ACKNOWLEDGEMENTS

The authors would like to thank everyone who participated in the vISEC2020 discussion group and subsequent discussions. We thank Glenda Wardle, Annemieke Drost, Nilanjan Chatterjee, Pedro Nicolau, Chloe Bracis, Teresa Neeman, Javier Seoane, Sarah Marley, Noa Rigoudy, Brenton Annan, Rebecca Groenewegen, Theresa O’Brien, Michelle Marraffini, Julie Vercelloni, Andrea Havron, Hayden Schilling, Amanda Hart, Christine Stawitz, Fabiana Ferracina, Andrew Edwards, Mick Wu, Gesa von Hirschheydt, Rick Camp, Alison Ketz, Julie Vercelloni, Sarah Saunders, Samantha Burke and Sarah Hasnain for their brainstorming contributions. Additionally, authors are grateful to Frederic Gosselin for pointing out an important reference for testing implausible H0, Daniel Falster for reproducibility advice, and reviewers for valuable suggestions and feedback. Bird study data came from the long-term Gotland study managed by Szymon M. Drobniak, Aneta Arct and Mariusz Cichoń. We thank Katarzyna Janas, Blandine Doligez and all field assistants collecting data over the years. We are also grateful to all landowners for their permission to access the study plots. Open access publishing facilitated by University of New South Wales, as part of the Wiley - University of New South Wales agreement via the Council of Australian University Librarians.

    FUNDING INFORMATION

    TJM acknowledges assistance by the NSW Government through its Environmental Trust (2018/SSC/0049) and Saving Our Species program. TAM thanks partial support by CEAUL (funded by FCT—Fundação para a Ciência e a Tecnologia, Portugal, through the project UIDB/00006/2020). RA is supported by National Research Foundation of South Africa (Grant no. 114696). AW was supported by the São Paulo Research Foundation (Grant no. #17/16650–5). MMM was supported by the Christiane Nüsslein-Volhard Foundation. JAM was supported by the National Agency of Research and Innovation (ANII-Uruguay), and Computational Biodiversity Science and Services Program (Bios2-Canada). PP was supported by a UNSW Scientia Doctoral scholarship. SMD was supported by the Australian Research Council (ARC) DECRA Fellowship (DE180100202) and the Opus grant from Polish National Science Centre (no. UMO-2020/39/B/NZ8/01274). SN and ML were funded by the ARC Discovery Project Grant (DP210100812).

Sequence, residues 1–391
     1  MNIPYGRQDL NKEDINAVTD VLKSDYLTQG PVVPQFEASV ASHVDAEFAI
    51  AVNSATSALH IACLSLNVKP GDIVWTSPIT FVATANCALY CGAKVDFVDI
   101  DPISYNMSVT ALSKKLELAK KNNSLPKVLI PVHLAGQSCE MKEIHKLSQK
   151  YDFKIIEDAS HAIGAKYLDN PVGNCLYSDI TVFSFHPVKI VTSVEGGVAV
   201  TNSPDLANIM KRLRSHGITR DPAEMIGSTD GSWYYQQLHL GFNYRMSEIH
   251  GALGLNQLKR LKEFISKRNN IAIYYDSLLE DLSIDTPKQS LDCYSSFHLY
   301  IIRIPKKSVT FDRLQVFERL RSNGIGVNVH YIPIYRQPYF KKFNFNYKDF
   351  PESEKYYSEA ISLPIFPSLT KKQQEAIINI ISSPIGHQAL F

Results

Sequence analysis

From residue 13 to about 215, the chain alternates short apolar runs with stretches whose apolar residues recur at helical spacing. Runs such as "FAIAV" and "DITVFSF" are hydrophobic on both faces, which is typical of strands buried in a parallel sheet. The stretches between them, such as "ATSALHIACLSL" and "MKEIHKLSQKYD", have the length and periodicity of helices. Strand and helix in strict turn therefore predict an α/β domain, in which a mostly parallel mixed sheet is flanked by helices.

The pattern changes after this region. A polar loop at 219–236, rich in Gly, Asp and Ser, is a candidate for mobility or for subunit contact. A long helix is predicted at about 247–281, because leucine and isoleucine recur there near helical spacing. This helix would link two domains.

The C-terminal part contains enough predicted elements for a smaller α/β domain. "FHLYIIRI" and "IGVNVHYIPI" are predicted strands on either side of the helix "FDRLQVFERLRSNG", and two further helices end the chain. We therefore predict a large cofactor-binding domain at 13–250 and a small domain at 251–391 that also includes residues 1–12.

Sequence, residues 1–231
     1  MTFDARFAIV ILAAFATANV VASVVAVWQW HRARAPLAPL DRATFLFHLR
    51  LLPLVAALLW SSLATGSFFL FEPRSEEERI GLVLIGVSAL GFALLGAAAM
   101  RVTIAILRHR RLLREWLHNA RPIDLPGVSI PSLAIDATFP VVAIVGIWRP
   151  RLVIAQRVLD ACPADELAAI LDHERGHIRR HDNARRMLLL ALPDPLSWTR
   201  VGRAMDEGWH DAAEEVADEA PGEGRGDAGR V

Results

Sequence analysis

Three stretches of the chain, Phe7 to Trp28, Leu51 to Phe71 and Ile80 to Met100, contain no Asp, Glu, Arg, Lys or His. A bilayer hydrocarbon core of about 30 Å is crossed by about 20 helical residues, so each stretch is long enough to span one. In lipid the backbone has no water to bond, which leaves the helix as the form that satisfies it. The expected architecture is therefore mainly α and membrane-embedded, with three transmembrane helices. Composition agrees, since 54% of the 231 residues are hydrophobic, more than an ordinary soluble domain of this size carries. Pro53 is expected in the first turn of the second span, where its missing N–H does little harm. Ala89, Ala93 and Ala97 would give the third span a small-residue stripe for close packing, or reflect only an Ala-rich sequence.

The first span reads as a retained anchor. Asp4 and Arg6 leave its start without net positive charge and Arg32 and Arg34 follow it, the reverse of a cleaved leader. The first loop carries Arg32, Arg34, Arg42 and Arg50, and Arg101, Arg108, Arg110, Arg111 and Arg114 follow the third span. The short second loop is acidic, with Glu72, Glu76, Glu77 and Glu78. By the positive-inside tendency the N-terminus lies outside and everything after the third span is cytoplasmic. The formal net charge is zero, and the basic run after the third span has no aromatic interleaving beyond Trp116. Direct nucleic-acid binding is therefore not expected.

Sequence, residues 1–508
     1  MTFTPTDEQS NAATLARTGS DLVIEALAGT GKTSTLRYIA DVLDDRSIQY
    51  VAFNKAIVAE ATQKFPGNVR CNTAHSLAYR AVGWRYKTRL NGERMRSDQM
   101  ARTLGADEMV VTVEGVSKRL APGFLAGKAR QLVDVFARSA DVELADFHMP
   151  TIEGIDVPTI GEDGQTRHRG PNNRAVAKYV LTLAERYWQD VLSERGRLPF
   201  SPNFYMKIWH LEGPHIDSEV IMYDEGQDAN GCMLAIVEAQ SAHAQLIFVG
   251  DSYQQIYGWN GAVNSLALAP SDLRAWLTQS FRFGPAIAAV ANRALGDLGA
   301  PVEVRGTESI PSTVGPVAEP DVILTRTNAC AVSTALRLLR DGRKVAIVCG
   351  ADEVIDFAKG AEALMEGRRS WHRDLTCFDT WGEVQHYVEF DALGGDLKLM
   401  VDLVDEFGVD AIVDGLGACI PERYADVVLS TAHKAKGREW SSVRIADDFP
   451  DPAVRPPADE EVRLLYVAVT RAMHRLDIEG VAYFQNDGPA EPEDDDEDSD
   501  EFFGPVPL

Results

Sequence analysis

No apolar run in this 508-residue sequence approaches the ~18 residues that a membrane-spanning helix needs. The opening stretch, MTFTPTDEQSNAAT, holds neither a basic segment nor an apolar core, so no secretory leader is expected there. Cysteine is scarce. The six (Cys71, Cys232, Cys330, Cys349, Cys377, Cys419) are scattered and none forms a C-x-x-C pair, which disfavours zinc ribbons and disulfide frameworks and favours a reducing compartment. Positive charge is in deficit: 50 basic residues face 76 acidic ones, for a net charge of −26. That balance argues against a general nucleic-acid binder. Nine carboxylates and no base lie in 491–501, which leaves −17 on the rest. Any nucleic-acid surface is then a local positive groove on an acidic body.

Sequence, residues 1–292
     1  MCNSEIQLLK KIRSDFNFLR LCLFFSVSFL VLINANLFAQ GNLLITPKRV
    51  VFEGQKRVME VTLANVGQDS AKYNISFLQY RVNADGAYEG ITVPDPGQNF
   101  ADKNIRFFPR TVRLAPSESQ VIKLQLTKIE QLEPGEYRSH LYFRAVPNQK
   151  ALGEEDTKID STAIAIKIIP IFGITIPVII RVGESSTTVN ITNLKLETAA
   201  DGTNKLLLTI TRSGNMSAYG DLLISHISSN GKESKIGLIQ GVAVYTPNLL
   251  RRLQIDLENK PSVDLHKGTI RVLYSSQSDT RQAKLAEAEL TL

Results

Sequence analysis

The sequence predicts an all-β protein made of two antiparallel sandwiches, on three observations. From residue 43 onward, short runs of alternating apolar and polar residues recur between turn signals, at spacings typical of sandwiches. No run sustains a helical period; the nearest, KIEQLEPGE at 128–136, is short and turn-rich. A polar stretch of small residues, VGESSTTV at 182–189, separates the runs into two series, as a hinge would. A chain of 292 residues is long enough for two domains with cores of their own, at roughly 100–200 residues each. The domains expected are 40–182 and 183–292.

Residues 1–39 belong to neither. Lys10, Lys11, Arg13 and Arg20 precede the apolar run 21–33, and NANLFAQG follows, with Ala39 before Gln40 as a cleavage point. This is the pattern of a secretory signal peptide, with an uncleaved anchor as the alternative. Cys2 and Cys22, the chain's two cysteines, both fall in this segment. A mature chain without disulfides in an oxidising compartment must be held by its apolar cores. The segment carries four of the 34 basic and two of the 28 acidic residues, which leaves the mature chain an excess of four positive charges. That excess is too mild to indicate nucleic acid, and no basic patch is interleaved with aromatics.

CONFLICT OF INTEREST STATEMENT

    The authors declare no conflict of interest in relation to this paper.

    PEER REVIEW

    The peer review history for this article is available at https://www.webofscience.com/api/gateway/wos/peer-review/10.1111/2041-210X.14270.

    DATA AVAILABILITY STATEMENT

    All data, code and full workflows of the principles applied to the examples are available at https://github.com/gordy2x/principles (Popovic & Drobniak, 2023).